Protesters urge Hong Kong for Snowden’s protection

Last June 10 2013, the 29-year-old source, Edward Snowden, the one behind the controversial intelligence leak in the National Security Agency that surfaced significant revelations publicly explained his motives, and uncertain future after an action taken that battles against the US government.

In a note accompanying the first set of documents he provided, he said: “I understand that I will be made to suffer for my actions but I will be satisfied if the federation of secret law, unequal pardon and irresistible executive powers that rule the world that I love are revealed even for an instant.”

“I am not afraid, because this is the choice I’ve made.”

PHOTO Credit: Yahoo! News

PHOTO Credit: Yahoo! News

Snowden after his conscious action against the US government decided to leave his own country as possible imposing threats to his life might escalate, rewarding him with probable danger and security threats.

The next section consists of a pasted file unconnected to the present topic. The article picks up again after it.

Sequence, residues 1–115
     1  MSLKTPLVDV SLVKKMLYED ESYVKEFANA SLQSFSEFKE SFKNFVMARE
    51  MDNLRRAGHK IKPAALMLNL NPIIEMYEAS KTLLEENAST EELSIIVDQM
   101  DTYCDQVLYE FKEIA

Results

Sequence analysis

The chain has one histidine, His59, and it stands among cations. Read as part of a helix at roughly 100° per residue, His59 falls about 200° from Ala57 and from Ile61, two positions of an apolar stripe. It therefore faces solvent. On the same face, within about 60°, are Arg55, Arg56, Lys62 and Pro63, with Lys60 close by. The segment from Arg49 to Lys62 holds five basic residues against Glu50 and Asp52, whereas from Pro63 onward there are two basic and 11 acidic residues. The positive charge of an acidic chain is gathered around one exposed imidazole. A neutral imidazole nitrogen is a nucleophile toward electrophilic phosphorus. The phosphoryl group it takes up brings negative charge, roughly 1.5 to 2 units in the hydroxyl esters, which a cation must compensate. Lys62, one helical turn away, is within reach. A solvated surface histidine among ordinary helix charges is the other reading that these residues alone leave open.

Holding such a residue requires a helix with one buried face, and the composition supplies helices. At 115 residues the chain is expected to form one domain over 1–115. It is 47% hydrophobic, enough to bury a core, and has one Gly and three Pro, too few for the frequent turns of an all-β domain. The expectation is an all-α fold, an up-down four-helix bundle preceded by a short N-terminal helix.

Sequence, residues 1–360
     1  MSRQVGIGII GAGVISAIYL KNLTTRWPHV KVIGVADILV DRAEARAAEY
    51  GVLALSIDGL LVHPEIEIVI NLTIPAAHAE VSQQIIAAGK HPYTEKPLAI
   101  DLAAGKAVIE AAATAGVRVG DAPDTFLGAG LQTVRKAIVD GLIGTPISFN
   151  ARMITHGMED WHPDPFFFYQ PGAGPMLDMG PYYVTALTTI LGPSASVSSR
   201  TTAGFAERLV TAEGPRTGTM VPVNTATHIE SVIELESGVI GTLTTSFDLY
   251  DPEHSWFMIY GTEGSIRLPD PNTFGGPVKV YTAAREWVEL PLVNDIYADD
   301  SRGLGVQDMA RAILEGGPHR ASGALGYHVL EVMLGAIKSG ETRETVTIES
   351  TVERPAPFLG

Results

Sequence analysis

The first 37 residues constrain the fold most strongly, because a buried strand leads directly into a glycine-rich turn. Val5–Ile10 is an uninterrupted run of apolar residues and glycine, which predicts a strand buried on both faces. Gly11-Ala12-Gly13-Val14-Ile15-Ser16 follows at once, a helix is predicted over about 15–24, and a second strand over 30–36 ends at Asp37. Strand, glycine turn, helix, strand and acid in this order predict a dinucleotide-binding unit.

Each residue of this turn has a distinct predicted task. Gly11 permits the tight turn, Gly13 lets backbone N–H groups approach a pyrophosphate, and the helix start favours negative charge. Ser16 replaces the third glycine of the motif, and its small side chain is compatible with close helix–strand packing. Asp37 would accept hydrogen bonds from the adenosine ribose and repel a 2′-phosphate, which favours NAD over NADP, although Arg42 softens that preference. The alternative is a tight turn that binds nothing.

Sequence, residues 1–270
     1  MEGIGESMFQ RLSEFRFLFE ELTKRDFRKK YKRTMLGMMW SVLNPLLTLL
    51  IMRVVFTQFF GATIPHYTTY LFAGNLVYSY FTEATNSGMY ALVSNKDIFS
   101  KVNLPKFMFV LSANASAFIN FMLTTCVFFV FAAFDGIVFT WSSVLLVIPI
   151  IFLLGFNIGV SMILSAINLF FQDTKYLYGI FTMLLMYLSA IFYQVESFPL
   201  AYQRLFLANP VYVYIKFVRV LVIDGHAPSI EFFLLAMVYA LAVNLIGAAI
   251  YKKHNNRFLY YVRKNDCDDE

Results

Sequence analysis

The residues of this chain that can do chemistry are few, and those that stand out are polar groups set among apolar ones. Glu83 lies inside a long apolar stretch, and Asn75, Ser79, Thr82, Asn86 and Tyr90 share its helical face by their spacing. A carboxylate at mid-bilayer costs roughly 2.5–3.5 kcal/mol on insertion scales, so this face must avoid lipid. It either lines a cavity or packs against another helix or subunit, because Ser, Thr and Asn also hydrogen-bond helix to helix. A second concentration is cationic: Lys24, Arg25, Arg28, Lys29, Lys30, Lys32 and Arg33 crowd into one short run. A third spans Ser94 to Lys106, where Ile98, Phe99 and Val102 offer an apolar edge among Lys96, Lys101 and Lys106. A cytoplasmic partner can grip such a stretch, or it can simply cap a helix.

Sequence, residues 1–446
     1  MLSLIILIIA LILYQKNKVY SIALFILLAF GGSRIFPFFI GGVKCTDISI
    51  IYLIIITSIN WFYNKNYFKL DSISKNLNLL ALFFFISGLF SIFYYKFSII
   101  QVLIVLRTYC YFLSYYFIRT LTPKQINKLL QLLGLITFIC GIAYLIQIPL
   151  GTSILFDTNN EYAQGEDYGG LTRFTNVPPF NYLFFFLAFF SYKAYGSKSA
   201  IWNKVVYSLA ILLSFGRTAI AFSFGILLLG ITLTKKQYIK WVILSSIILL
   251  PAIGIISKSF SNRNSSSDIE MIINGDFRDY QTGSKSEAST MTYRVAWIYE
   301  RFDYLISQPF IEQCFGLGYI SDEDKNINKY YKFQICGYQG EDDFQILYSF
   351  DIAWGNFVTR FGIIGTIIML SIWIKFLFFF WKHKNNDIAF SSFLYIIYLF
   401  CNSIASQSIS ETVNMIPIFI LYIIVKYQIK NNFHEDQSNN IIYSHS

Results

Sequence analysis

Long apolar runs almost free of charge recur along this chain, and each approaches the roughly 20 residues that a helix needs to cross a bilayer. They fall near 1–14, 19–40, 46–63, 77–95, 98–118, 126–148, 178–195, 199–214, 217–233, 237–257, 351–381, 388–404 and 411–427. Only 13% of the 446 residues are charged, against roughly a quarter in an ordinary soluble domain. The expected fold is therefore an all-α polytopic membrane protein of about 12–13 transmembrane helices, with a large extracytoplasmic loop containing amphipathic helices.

On May 20, he decided to board a flight to Hong Kong; chose the city, where he remained ever since because he believes that the special region have “a spirited commitment to free speech and the right of political dissent. And believed that it is one of the countries in the world that could and would resist any dictation from the US government.

Urge for protection

Later today, protesters in Hong Kong have assembled a rally in Central Hong Kong government offices to appeal for the HK government for Snowden’s protection as Chief Executive Leung Chun-ying has remained tight-lipped on the matter.

Protesters expressed support and concern to Snowden concerning about different reports of United State’s surveillance on Hong Kong and mainland networks. Activists with their huge placards voiced out their sentiments against extraditions and human rights issues over surveillance of other countries.

Ronny Tong,  a Senior Counsel and current member of the Legislative Council of Hong Kong asked the people of Hong Kong not to stay silent about the threatening and sensitive issue.

As part of the protest, organizers and supporters followed the live coverage of the rally through social media (Twitter) using the hashtag #Snowdenhk.

This Snowden whistleblowing saga continues.

Below are some comments, reactions, photos and updates at the rally.


One comment

  1. Fred Mirks · June 15, 2013

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